September 06, 2019

Good night

One evening in Vienna in 1933, as Nazi thugs skirmished with police outside, Lorre sat in a ‘subterranean bohemian wine place called Majolica Hall’ with some friends: a group of writers, actors and composers. One of them started teasing him, saying how funny it was that he always seemed to play ‘a monster or a second violin’, never an ‘important classic part’. ‘You’re thinking of Hamlet,’ Lorre said, adding that he knew all the parts by heart. Someone urged him to give them a rendition. The audience waited, half-embarrassed at the thought of fat, hunched little Peter doing ‘To be or not to be’. But instead, he recited the part of the first gravedigger. ‘It was terrific,’ one of his friends recalled. At the end, Lorre rounded on his audience. ‘You sons of bitches, you thought I was going to play Hamlet and make a fool of myself. My part is the gravedigger and if I had ever played it on the stage I would have stolen that play.’



September 04, 2019

Parliament to Boris: Drop Dead

Have I ever steered you wrong?

Prime Minister Boris Johnson was battered again on Wednesday as lawmakers from his own party and the opposition pressed ahead to stop his plan for leaving the European Union without an agreement — and then turned down his call for an election.


The A Team

I cannot overpraise Bryan Curtis' interesting article on The Big Show (1992-1997).  As I read it I copied a paragraph or two as a tease for this post, and by the time I was done realized I'd copied almost half of the thing.  It's superb, and it explains significance of a show I only appreciated in the last year or two of its existence.  Here are two representative samples:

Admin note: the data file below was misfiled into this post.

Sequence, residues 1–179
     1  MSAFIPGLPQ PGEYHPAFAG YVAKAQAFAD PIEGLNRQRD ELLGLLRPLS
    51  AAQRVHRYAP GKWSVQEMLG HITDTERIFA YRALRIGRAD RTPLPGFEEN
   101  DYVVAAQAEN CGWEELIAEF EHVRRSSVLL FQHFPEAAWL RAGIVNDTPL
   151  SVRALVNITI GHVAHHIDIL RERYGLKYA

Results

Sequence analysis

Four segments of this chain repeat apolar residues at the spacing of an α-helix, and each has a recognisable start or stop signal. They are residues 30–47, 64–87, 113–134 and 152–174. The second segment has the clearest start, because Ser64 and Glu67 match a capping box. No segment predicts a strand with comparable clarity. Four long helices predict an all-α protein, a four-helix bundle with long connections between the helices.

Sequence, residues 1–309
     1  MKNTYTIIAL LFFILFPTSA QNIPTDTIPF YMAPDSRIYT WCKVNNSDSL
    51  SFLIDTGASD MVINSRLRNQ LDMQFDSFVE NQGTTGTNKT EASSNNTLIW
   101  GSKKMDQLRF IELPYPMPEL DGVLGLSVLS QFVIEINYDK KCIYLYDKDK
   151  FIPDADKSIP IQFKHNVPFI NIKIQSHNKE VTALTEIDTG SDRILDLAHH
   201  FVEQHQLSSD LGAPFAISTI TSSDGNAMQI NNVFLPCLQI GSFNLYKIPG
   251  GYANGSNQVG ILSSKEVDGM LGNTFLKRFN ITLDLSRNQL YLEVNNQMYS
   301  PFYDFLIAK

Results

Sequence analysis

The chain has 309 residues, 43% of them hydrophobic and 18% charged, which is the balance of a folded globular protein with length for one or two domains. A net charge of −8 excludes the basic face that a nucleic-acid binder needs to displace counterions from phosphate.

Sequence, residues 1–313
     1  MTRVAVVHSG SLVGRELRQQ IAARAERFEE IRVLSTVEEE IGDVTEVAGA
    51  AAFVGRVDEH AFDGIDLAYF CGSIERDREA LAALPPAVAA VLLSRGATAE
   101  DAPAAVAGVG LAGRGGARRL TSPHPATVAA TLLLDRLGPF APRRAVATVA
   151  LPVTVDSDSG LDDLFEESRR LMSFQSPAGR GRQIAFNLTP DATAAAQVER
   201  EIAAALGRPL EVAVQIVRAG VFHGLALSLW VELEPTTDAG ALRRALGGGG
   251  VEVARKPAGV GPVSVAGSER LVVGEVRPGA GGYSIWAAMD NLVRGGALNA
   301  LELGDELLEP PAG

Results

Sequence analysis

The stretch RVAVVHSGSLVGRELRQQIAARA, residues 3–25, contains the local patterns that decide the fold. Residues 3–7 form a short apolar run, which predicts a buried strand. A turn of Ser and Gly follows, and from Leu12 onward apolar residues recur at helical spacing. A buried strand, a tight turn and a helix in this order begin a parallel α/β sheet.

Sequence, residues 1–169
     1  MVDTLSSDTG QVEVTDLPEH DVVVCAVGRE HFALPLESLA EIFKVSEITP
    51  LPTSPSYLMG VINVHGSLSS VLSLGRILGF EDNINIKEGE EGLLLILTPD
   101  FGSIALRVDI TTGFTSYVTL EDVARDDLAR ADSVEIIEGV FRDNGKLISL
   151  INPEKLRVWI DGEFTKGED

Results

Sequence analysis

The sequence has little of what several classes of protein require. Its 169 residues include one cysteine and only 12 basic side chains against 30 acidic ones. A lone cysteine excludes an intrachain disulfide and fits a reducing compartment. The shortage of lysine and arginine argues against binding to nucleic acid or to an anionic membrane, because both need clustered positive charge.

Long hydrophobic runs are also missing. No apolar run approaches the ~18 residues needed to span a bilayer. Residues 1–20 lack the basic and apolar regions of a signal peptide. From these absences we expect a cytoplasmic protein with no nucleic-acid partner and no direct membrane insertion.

The difference between ’90s SportsCenter and a modern comedy show is that SportsCenter was much, much harder. Patrick and Olbermann had the mandate to deliver the news instead of just riff off it. They wrote their own material. The Big Show may be the only comedy show in TV history that didn’t have a writer’s room.
Two hundred nights a year on SportsCenter, as the hosts sat at their desk, a PA would run into the control room with a tape of a highlight that was set to roll within minutes. Through a headset, Williamson or McQuade or Ramsey would ask the anchor who was off-camera to give a thumbs up if he’d been handed a shot sheet. Then, as Patrick and Olbermann saw a highlight for the first time, they had to be both accurate and hilarious.
“And from that grew a kind of trench-warfare humor,” Olbermann said. “Haha, we’re going to die tonight! And that led to a lot of giggling and making fun of things, particularly management.”
. . . 
One day, Patrick and Olbermann were called into a room by their bosses and scolded for being too silly, too self-referential. According to James Andrew Miller and Tom Shales’s oral history, an executive actually pounded a desk at the meeting. The hosts were told they could no longer call SportsCenter “the Big Show”... 
When forced to say the show’s proper title, the anchors bellowed, “ SportsCenter”—which might have triggered the famous Wieden+Kennedy campaign. When Olbermann reported that Rupert Murdoch would challenge ESPN with a new cable sports network, he gave out Bristol’s area code on the air. As in: Call me.